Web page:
The Palestinian BDS National Committee (BNC) describes itself as “the broadest Palestinian civil society coalition that works to lead and support the BDS movement for Palestinian rights.” It’s time to understand, though, that the BNC is not as broad (or broad-minded) as it thinks it is, after all. As Sabyasachi Biswal wrote last year,

[Despite BDS putting] a huge onus on the Jewish state to defend its Zionist ideologies in-front of a critical world, which has seen the state’s multiple international law violations since the 2014-Gaza siege… it [BDS] hasn’t found much credible backing in the non-intellectual civil society and is continuously, and intentionally miscued by the Israeli and American political class to delegitimise the movement.

Mapping Project

Reject Repression: Support the Mapping Project

We must all reject “any attempts to prevent organizers from confronting the interconnectedness of systems of oppression. No one in our movement has a monopoly on movement tactics, including BDS. The work to uncover the relationships between policing, Zionism, and imperialism is critical movement work that should be uplifted.”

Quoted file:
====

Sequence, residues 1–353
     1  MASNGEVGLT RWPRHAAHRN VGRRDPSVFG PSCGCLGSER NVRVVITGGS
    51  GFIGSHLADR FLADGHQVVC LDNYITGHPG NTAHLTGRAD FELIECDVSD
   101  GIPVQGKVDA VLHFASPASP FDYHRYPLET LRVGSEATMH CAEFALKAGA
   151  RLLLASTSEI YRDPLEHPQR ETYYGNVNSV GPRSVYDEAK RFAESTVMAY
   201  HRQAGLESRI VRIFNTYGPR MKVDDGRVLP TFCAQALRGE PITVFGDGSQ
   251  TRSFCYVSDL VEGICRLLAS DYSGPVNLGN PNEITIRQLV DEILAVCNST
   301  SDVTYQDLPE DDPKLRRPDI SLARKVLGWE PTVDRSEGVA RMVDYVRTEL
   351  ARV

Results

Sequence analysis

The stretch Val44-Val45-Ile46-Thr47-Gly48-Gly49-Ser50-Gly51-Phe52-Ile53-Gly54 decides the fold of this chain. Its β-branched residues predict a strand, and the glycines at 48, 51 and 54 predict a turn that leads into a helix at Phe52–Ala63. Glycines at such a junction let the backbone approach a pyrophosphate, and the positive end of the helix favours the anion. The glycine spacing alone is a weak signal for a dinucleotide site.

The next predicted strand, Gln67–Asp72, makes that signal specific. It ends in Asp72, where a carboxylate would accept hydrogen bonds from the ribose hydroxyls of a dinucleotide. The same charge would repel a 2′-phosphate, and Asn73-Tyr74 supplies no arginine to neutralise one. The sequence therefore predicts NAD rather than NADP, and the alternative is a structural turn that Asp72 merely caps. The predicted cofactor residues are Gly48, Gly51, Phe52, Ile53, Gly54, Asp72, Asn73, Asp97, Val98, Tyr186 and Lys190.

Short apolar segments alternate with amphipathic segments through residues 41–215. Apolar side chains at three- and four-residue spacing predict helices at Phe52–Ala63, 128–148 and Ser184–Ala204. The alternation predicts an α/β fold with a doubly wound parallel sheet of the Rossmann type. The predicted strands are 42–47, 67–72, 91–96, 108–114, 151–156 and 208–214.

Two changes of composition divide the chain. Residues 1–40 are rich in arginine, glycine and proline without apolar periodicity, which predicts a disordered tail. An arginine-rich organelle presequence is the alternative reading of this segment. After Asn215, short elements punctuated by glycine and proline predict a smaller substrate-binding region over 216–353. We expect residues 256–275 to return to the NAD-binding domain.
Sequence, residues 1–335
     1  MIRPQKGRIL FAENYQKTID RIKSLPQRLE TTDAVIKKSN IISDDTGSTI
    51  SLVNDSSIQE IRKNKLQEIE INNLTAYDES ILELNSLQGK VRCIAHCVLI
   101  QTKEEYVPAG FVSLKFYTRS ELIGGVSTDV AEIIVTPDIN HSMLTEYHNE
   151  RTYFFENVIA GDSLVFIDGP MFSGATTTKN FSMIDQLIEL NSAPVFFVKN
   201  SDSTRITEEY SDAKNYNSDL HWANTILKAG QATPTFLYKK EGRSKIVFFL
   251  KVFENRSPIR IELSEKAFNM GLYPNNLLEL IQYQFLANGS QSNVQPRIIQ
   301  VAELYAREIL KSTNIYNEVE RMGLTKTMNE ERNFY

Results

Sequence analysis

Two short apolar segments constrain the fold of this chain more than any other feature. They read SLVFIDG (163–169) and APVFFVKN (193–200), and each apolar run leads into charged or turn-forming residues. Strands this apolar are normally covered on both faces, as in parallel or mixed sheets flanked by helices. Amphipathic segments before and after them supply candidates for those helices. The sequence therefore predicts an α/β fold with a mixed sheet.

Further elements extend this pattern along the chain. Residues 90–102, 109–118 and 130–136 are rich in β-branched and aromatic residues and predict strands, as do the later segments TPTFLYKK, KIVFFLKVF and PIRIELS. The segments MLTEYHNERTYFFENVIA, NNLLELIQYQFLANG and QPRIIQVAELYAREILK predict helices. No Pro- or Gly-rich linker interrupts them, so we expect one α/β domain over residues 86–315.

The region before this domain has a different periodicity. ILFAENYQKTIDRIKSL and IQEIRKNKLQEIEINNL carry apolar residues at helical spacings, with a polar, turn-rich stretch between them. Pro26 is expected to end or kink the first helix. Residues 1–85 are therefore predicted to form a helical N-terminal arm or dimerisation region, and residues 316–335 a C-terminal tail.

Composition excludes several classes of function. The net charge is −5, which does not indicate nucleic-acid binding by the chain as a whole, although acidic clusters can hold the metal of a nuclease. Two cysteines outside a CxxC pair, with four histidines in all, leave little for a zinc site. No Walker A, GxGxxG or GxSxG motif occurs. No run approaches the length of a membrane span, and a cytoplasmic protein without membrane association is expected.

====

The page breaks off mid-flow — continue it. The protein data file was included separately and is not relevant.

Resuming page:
We must reject all repression on principle, even that coming from BNC.

For those interested in learning more about the Mapping Project, I suggest reading informative interviews with the collective published by Mondoweiss and Samidoun and a commentary/analysis by Omar Zahzah titled ‘Connecting the Dots: The Liberationist Ethos of the Mapping Project.’

Note: First published on Medium
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Rima Najjar is a Palestinian whose father’s side of the family comes from the forcibly depopulated village of Lifta on the western outskirts of Jerusalem and whose mother’s side of the family is from Ijzim, south of Haifa. She is an activist, researcher and retired professor of English literature, Al-Quds University, occupied West Bank.